Chapter 19 - Roll Call

109  Senators not present

A senator reported as absent after a roll call may, on motion without notice, be excused from attendance or be ordered to attend at a future time.

Amendment history

Adopted: 19 August 1903 as SO 279 (part) and 280 but renumbered as SO 275 and SO 276 for the first printed edition

1989 revision: Old SOs 287 (part) and 288 combined into one and renumbered as SO 109; language simplified


During the debate in 1903, Senator Playford (Prot, SA) asked whether the standing orders relating to a call of the Senate should include a provision for “fining, or in some other way punishing a senator who does not attend after receiving due notice”. He expressed the view that it was “farcical” not to have any “punishment” and that “if there is no penalty the standing order is useless”.[1] The matter was not taken up by other senators and the standing order was adopted without any penalties being included.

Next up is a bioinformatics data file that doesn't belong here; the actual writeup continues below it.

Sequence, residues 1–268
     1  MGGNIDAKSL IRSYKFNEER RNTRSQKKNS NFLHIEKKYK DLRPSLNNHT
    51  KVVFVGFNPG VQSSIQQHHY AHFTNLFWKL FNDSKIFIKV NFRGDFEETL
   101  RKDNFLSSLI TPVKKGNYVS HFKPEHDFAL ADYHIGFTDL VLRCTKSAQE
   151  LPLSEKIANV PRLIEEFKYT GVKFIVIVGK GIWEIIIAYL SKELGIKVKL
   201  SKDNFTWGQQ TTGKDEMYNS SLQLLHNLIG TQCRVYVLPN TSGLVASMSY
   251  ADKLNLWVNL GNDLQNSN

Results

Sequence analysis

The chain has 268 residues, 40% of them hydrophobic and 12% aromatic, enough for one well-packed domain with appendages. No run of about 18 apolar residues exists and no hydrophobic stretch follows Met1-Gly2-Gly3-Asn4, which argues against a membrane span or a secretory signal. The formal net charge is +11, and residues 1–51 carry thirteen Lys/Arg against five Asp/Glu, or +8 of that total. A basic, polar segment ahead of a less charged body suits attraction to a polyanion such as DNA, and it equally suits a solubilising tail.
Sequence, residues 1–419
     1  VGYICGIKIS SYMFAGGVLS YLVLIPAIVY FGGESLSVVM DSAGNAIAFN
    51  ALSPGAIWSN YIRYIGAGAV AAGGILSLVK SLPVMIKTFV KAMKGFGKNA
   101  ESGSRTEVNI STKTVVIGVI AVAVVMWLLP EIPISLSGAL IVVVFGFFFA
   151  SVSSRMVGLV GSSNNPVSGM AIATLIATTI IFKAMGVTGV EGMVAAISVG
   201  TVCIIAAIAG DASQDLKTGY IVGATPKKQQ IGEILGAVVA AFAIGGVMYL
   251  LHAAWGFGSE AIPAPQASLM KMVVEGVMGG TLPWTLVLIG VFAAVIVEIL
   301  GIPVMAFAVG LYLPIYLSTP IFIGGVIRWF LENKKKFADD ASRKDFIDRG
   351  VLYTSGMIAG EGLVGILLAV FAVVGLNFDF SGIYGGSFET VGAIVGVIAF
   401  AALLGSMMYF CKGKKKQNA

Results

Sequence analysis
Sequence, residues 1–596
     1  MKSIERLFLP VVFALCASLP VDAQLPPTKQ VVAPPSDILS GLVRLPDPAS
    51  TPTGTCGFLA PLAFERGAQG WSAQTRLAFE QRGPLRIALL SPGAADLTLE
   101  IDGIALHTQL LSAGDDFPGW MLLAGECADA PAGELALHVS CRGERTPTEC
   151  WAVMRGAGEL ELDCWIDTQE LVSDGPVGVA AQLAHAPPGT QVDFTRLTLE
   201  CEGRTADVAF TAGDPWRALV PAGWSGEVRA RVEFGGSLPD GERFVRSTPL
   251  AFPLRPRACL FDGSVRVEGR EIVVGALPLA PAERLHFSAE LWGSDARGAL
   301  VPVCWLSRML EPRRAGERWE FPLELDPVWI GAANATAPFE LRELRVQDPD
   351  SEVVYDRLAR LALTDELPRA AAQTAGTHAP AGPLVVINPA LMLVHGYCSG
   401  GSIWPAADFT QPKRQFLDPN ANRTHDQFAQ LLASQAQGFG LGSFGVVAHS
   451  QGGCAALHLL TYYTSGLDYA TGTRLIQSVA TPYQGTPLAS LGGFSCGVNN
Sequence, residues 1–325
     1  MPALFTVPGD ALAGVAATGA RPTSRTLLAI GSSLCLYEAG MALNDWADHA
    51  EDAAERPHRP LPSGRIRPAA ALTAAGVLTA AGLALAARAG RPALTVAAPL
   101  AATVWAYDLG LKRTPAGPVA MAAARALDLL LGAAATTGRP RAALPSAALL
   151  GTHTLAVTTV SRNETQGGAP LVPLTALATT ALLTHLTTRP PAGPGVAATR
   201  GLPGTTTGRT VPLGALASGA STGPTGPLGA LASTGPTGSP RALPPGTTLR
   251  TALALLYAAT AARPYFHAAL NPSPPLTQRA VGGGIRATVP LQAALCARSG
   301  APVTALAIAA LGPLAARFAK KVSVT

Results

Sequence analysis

The Senate could impose a penalty upon a senator who does not answer the summons to a roll call but, in practice, senators who are absent for any legitimate reason are excused from attendance.[2] Examples of legitimate reasons have included illness and absence overseas on parliamentary or government business.